Scripture clearly says that God is love. “The Lord is good to all, and His mercies are over all His works” (Ps. 145:9). Christ even commands us to love our enemies, and the reason He gives is this: “In order that you may be sons of your Father who is in heaven; for He causes His sun to rise on the evil and the good, and sends rain on the righteous and the unrighteous” (Matt. 5:45). The clear implication is that in some sense God loves His enemies. He loves both “the evil and the good,” both “the righteous and the unrighteous” in precisely the same sense we are commanded to love our enemies.
In fact, the second greatest commandment, “You shall love your neighbor as yourself” (Mk. 12:31; cf. Lev. 19:18), is a commandment for us to love everyone. We can be certain the scope of this commandment is universal, because Luke 10 records that a lawyer, “wishing to justify himself … said to Jesus, ‘And who is my neighbor?’” (Lk. 10:29)—and Jesus answered with the Parable of the Good Samaritan. The point? Even Samaritans, a semi-pagan race who had utterly corrupted Jewish worship and whom the Jews generally detested as enemies of God, were neighbors whom they were commanded to love. In other words, the command to love one’s “neighbor” applies to everyone. This love commanded here is clearly a universal, indiscriminate love.
Consider this: Jesus perfectly fulfilled the law in every respect (Matt. 5:17–18), including this command for universal love. His love for others was surely as far-reaching as His own application of the commandment in Luke 10. Therefore, we can be certain that He loved everyone. He must have loved everyone in order to fulfill the Law. After all, the apostle Paul wrote, “The whole Law is fulfilled in one word, in the statement, ‘You shall love your neighbor as yourself’” (Gal. 5:14). He reiterates this theme in Romans 13:8: “He who loves his neighbor has fulfilled the law.” Therefore, Jesus must have loved His “neighbor.” And since He Himself defined “neighbor” in universal terms, we know that His love while on earth was universal.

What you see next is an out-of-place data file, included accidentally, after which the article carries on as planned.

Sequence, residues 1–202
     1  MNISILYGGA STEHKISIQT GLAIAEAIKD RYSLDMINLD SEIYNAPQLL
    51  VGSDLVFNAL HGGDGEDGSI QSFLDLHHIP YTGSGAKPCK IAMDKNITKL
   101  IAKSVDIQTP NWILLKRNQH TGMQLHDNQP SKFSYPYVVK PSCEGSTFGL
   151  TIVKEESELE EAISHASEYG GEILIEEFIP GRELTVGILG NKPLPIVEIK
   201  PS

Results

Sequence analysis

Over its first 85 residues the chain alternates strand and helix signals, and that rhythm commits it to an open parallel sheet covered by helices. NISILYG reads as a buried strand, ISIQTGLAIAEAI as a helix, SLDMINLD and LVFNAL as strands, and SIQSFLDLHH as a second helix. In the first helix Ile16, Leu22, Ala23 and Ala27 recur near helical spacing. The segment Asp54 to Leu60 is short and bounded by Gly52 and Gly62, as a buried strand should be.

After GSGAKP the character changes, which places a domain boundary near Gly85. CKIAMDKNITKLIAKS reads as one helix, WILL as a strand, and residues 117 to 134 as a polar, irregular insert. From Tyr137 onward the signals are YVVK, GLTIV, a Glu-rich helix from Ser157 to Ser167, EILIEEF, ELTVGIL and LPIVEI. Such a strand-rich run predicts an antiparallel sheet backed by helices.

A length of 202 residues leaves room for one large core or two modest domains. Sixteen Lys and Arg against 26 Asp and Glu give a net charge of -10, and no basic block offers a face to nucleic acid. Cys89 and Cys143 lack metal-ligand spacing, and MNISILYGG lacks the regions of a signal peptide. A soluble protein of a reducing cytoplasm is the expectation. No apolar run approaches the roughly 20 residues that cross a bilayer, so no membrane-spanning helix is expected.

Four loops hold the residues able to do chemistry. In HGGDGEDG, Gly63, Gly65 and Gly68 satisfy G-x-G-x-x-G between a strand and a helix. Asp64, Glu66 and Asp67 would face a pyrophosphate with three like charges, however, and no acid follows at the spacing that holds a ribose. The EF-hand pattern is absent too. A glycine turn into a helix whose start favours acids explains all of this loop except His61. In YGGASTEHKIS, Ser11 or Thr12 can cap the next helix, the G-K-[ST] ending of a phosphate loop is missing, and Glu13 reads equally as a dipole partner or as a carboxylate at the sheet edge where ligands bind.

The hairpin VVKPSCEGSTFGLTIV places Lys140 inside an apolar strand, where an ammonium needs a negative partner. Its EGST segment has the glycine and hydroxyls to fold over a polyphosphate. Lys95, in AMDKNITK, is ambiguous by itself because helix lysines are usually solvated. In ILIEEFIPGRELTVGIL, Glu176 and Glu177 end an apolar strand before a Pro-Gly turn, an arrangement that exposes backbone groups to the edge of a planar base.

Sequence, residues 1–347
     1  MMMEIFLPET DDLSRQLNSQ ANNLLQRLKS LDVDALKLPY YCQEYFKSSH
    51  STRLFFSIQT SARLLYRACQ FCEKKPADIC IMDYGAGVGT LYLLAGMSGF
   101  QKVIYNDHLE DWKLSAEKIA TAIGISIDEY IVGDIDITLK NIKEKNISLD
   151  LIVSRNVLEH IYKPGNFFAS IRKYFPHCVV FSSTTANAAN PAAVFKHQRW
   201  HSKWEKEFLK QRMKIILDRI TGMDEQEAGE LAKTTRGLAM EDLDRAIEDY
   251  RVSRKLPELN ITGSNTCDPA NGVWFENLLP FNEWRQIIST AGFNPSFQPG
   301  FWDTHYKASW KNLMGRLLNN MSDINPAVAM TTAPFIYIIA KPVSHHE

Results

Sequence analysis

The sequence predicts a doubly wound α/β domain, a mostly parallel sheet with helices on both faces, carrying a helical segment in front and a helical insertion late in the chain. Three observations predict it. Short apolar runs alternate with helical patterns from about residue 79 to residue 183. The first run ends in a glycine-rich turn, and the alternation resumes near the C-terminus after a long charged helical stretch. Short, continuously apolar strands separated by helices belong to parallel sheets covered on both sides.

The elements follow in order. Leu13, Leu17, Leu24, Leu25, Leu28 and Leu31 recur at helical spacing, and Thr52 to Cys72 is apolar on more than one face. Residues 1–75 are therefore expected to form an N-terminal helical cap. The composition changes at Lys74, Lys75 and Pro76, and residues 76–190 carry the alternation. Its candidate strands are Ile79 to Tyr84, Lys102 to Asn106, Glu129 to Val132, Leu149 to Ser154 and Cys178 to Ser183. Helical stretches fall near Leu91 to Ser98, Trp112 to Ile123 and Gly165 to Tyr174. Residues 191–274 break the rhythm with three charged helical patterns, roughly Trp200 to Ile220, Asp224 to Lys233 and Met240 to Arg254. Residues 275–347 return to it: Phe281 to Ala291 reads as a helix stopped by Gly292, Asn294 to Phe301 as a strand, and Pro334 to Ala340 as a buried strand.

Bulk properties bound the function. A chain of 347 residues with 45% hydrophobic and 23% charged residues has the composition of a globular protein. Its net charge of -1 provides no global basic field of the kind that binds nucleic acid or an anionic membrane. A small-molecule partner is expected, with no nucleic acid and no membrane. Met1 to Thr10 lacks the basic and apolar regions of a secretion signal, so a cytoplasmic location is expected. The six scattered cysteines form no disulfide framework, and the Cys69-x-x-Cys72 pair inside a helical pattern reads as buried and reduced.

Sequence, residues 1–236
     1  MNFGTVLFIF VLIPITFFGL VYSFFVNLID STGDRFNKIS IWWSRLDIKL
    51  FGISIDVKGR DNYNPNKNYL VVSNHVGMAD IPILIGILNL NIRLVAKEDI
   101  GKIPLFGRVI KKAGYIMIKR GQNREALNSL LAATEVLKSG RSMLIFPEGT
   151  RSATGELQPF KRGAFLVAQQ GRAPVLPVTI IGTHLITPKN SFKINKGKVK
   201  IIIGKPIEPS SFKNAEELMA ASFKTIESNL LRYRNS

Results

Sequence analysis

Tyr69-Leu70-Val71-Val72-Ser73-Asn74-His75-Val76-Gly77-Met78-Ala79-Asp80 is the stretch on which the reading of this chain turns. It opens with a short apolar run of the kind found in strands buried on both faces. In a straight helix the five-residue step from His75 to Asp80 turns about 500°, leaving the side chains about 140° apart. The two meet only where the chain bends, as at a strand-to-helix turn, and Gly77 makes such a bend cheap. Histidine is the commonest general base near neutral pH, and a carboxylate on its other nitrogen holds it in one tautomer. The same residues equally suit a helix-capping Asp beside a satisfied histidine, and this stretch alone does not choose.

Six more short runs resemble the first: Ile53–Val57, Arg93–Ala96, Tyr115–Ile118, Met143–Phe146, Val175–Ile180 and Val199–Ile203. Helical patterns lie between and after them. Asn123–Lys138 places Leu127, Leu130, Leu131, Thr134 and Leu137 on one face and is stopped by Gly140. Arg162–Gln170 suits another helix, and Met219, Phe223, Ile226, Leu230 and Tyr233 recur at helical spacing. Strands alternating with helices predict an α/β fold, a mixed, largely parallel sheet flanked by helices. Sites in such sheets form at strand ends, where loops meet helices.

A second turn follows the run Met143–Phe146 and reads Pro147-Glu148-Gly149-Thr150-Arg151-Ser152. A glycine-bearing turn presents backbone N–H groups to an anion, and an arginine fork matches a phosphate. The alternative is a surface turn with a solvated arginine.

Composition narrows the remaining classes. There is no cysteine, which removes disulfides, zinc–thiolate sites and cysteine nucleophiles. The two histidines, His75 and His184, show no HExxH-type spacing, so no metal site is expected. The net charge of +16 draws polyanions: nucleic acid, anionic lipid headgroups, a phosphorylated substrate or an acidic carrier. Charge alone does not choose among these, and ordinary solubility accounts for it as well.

"For God so loved the world that He gave His only begotten Son that whosoever believes in Him will not perish, but have everlasting life" (John 3:16). God didn't just love the world (lost people everywhere); He SO LOVED the world! Do you sense the divine passion in that phrase? God is madly in love with everyone--saints or sinners. I believe the Bible illustrates that God loves people the same--regardless of their spiritual condition. Saved people, of course, delight His heart, but I don't think that the lost state of unbelievers lessens His love toward mankind. God's very nature is to love people. His passion is to see everyone (the world) come into a relationship of the saving kind with Him. His love is all-encompassing.
"But God commends His love toward us in that while we were yet sinners Christ died for us" (Romans 5:. The Greek word for "commends" parallels our word, "directs." In other words, "For God so directed His love toward us in that while we were yet sinners Christ died for us." 1 John 4:17 tells us that "God is love." The beloved disciple of Jesus makes no distinction between saints and sinners. God loves us--period!
A couple may have children who delight their hearts and who walk in total obedience to their parenting. That same couple may also have children who openly defy them and walk in harsh rebellion. That couple may grieve over their prodigal children, but their love for them remains intact and equal. Keep in mind that love is not an emotion; it's something we set our hearts to do. Those parents may experience anger, frustration and every emotion in between the two, but that does not mean they love their difficult children any less. God's love is not established on emotion, but on His character. He can't do anything BUT love.
"But God commendeth his love toward us, in that, while we were yet sinners, Christ died for us." —Romans 5:8